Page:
If this is IP packet, MPLS produces ICMP Need Fragment error. This behavior mimics IP protocol behavior. Note that this ICMP error is not routed back to originator of packet but is switched towards end of LSP, so that egress router can route it back.
If this is not IP packet, MPLS simply drops it, because it does not know how to interpret the contents of packet. This feature is very important in situations where MPLS applications such as VPLS are used (where frames that are MPLS tagged are not IP packets, but e.g. encapsulated Ethernet frames as in case of VPLS) - if somewhere along the LSP MPLS MTU will be less than packet size prepared by ingress router, frames will simply get dropped.
When router first introduces label (or labels) on IP packet, and resulting packet size including MPLS labels exceeds MPLS MTU, router behaves as if interface MTU was exceeded - either fragments packet in fragments that does not exceed MPLS MTU when labels are attached (if IP Dont Fragment is not set), or generates ICMP Need Fragmentation error that is sent back to originator.
When router encapsulates Ethernet frame for forwarding over VPLS pseudowire, it checks if packet size with VPLS Control Word (4 bytes) and any necessary labels (usually 2 labels - 8 bytes), exceeds MPLS MTU of outgoing interface. If it does, VPLS fragments packet so that it honours MPLS MTU of outgoing interface. Packet is defragmented at egress point of VPLS pseudowire.
Configured as interface MTU setting (/interface <type> <name> set mtu=X). Specifies how big IP packets router is allowed to send out the particular interface.
If router receives IP packet of size 1500, but MTU for outgoing interface is set to 1400, router will either fragment the packet (if "Don't Fragment" bit is not set in IP header) or drop the packet and send ICMP "Need Fragmentation" error back to originator (this is essential for Path MTU Discovery to work).
Sometimes it can be bad idea to change IP MTU from its default 1500 bytes on router interfaces if complete path end-to-end is not in administrators control. Although IP fragmentation and end-to-end Path MTU Discovery is intended to handle this situation, if ICMP Need Fragmentation errors are filtered somewhere along the path, Path MTU Discovery will not work.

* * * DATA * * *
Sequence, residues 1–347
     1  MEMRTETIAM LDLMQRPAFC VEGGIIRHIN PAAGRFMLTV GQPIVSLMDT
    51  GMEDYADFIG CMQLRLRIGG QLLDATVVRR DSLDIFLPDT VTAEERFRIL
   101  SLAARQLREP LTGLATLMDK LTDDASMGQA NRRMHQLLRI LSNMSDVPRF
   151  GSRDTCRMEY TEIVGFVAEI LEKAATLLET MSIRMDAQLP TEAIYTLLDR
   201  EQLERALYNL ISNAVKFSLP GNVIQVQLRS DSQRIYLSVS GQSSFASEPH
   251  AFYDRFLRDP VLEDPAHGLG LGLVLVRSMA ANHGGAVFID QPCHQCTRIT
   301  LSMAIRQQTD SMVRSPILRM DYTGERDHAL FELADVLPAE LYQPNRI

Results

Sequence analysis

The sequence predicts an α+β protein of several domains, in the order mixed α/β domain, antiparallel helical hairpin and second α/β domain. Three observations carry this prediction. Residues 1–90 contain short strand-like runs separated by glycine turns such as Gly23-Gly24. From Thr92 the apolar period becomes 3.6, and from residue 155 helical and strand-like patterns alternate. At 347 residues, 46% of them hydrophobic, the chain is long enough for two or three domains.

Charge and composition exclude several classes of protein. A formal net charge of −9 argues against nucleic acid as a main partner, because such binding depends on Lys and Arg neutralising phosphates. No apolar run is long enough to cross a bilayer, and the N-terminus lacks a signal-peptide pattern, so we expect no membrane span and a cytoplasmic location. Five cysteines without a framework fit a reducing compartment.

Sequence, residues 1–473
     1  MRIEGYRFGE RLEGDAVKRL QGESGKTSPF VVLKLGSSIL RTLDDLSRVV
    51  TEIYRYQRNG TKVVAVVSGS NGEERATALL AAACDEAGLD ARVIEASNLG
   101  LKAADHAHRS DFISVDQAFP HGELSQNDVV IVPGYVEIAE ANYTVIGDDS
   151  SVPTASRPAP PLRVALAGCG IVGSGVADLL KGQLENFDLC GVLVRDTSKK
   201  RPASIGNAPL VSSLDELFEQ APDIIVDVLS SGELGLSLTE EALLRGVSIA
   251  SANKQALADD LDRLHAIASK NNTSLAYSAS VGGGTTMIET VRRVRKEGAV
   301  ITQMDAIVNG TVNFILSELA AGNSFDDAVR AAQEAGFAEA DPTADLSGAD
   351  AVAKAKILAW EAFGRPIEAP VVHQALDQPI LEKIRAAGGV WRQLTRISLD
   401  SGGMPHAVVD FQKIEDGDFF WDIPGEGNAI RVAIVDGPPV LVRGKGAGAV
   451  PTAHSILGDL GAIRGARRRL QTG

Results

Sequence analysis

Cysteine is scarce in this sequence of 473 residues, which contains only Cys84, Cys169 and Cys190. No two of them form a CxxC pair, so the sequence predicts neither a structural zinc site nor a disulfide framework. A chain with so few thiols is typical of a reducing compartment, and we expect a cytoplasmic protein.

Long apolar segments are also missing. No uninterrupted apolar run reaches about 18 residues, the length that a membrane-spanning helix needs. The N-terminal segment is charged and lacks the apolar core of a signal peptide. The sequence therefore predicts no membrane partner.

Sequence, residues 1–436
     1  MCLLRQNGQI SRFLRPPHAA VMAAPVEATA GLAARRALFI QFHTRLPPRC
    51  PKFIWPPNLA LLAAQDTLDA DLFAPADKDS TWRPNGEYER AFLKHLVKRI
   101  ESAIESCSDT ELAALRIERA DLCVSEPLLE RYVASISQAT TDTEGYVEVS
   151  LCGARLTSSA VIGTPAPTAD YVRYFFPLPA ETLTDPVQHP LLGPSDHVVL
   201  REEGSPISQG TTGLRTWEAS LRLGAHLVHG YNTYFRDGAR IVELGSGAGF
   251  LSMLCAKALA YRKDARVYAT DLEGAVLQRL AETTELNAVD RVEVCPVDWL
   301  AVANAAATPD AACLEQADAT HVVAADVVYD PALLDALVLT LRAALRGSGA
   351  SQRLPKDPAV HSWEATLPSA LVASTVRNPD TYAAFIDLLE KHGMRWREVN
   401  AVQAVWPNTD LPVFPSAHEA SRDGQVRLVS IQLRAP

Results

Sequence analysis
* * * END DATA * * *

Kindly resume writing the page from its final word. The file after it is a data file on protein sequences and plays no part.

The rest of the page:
There are several features in MikroTik RouterOS that can benefit from possibility to exceed standard MTU
L2MTU advanced example
MTU examples for common technologies
Examples on how different technologies and their combinations relate to MTUs are given below. All examples are given assuming common standard 1500 byte IP packet size and that outgoing interface is ethernet. The total size of packet after all encapsulations must not exceed the physical MTU of outgoing interface.
The image shows the packet MTU size for simple routing, packets size is not modified,
Routing with VLAN Encap
Each VLAN tag is 4 bytes long, VLAN tag is added by router. L2-MTU is increased by 4 bytes.
When MPLS is used as plain replacement for IP routing, only one label is attached to every packet, therefore packet size increases by 4 bytes, we have the situation with two MPLS labels. In order to be able to forward standard size (1500 bytes) IP packet without fragmentation, MPLS MTU must be set to at least 1508 for two MPLS labels.
Simple MPLS over VLAN
If simple MPLS packets (with 1 label) are forwarded across ethernet additionally encapsulated in Vlan:
Note that MPLS MTU of VLAN interface matters in this case and it should be at least 1504.
Two MPLS labels are present, when remote endpoint is not directly attached. One MPLS label is used to get to remote endpoint, second label is used to identify VPLS tunnel.